Ocean Power Technologies, Inc., a leading wave energy technology company, today announced that the Company has received a ¥70 million (approximately US $900,000) contract from Mitsui Engineering & Shipbuilding for further work towards development of the Company’s PowerBuoy technology for application in Japanese sea conditions.
Under this contract, OPT will continue to analyze methods to maximize buoy power capture using advanced optimization methodologies as well as modeling and wave tank testing. OPT will team with MES staff to develop PowerBuoy enhancements that, under normal Japanese wave conditions, would provide for improved power capture. This analysis and design work is expected to be completed by the end of OPT’s fiscal year ending April 30, 2013 after which a decision will be made on the next steps toward ocean trials of a demonstration PowerBuoy system. This would provide the basis for a prospective build-out of a commercial-scale OPT wave power station in Japan.
“We are very pleased to announce this additional work with our partner in Japan, Mitsui Engineering & Shipbuilding,” said Charles F. Dunleavy, Chief Executive Officer of OPT. “Ocean Power Technologies is viewed throughout the globe as a leader in the area of wave power generation, and we believe Japan is a nation that can clearly benefit from our unique ocean-based energy technology. We appreciate the trust that MES has placed in us and the progress this represents towards bringing utility-scale wave power to the Japanese people.”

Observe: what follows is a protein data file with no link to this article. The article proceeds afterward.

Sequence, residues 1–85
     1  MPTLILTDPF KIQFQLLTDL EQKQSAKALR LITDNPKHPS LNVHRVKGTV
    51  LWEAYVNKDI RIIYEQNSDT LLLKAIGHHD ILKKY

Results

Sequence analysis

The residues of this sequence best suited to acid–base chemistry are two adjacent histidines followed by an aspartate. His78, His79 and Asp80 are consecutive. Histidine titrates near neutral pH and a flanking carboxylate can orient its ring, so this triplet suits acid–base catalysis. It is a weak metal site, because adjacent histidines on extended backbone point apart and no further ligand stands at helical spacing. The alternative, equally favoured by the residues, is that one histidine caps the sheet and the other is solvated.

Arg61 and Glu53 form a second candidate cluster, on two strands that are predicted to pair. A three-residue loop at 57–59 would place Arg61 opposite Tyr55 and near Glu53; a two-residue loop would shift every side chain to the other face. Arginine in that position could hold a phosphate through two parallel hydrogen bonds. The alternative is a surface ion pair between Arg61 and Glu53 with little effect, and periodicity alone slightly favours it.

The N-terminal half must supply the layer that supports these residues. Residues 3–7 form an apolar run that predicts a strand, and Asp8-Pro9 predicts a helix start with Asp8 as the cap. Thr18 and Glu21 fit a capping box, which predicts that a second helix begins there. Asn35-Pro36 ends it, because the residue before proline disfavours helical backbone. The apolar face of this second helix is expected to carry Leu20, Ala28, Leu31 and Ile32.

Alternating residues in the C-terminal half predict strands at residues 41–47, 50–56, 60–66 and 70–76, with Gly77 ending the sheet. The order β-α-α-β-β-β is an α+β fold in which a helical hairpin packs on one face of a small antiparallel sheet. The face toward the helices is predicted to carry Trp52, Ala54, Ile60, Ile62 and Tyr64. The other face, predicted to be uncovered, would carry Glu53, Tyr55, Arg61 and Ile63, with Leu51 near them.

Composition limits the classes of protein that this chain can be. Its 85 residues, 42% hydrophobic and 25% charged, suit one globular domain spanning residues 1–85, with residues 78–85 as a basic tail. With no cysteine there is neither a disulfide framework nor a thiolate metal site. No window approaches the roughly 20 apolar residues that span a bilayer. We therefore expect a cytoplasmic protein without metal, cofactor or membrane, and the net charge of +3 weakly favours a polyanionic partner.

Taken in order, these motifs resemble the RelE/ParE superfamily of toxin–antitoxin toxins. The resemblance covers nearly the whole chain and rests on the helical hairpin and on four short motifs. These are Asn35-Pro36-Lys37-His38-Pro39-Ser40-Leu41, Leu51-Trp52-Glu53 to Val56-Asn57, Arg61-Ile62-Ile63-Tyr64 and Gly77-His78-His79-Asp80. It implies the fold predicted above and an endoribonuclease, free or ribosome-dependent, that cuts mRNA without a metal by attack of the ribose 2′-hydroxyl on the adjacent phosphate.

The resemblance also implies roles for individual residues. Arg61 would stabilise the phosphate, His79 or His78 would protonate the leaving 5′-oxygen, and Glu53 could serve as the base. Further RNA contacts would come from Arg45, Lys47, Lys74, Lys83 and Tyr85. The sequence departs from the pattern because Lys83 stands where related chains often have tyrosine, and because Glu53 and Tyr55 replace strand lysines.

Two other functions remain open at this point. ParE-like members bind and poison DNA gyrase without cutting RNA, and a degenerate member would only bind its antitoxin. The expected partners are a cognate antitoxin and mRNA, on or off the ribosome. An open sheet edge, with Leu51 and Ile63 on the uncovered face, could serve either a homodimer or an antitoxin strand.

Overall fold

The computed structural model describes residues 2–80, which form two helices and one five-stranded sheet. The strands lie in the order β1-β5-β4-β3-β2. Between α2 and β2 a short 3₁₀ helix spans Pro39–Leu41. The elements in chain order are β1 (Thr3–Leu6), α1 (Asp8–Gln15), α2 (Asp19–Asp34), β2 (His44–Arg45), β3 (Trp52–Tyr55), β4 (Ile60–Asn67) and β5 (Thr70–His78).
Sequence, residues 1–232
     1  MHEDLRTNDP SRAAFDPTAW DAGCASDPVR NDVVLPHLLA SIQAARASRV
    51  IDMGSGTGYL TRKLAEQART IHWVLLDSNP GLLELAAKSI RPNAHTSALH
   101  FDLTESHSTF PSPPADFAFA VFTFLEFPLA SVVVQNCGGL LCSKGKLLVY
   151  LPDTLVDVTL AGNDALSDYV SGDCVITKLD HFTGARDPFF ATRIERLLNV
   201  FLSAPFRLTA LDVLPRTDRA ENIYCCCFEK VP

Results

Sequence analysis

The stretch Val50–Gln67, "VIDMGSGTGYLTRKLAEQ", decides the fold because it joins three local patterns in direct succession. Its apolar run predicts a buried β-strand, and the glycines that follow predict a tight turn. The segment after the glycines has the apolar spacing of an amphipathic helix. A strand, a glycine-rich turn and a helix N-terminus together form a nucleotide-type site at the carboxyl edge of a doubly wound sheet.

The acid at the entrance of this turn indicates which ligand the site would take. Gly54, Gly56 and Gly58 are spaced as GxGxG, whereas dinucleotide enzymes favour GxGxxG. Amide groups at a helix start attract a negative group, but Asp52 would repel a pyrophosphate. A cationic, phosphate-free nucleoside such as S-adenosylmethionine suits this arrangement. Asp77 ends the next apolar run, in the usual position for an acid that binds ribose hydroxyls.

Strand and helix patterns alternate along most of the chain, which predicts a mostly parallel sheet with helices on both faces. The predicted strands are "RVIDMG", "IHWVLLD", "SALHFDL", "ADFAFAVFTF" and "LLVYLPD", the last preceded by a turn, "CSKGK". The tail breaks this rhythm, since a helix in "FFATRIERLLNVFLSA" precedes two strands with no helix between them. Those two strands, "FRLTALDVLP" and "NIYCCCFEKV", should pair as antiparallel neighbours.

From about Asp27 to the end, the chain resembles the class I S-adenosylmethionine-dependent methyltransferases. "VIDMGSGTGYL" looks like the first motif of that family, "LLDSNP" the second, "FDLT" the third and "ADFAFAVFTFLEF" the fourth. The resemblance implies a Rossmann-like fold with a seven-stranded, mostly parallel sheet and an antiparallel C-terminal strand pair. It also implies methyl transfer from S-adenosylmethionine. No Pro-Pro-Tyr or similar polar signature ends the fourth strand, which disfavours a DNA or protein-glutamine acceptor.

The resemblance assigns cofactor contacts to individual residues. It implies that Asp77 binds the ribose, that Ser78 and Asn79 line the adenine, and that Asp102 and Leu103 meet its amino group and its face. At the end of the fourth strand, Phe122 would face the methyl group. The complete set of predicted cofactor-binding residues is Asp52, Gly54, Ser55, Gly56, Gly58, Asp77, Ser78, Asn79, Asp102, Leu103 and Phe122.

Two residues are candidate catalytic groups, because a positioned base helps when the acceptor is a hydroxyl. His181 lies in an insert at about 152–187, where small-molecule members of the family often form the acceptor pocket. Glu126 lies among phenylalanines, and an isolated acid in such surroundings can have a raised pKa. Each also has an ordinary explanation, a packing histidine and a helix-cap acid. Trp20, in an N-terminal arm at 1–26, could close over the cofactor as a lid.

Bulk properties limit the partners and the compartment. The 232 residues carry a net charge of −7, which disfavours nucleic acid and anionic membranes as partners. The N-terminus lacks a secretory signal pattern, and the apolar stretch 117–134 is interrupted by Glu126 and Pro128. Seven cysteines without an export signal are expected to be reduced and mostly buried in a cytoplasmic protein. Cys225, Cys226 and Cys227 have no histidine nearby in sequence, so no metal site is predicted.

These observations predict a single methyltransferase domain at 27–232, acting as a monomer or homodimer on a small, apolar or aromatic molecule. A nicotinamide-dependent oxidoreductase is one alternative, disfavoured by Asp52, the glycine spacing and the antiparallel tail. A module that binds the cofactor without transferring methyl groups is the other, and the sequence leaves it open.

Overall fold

Mr. Hirotaka Ohashi, Deputy General Manager of Business Development and Innovation at MES, added, “As we remember the 2011 earthquake and tsunami that had such a devastating impact on the nuclear power industry in Japan, we are working with Ocean Power Technologies to commercialize ocean-based clean energy alternatives. We have several years of experience with OPT and respect the position their technology holds in the market. Working together, we look forward to bringing a series of new PowerBuoys to Japan."
The Japanese Environment Minister has recently released Japan’s new strategy to increase the present generating capacity of renewable energy in Japan by more than six times. The Japanese government specifically identified wave energy as a key component of this policy, setting a goal of 1,500 MW in new power generation capacity by 2030 using wave and tidal power sources.
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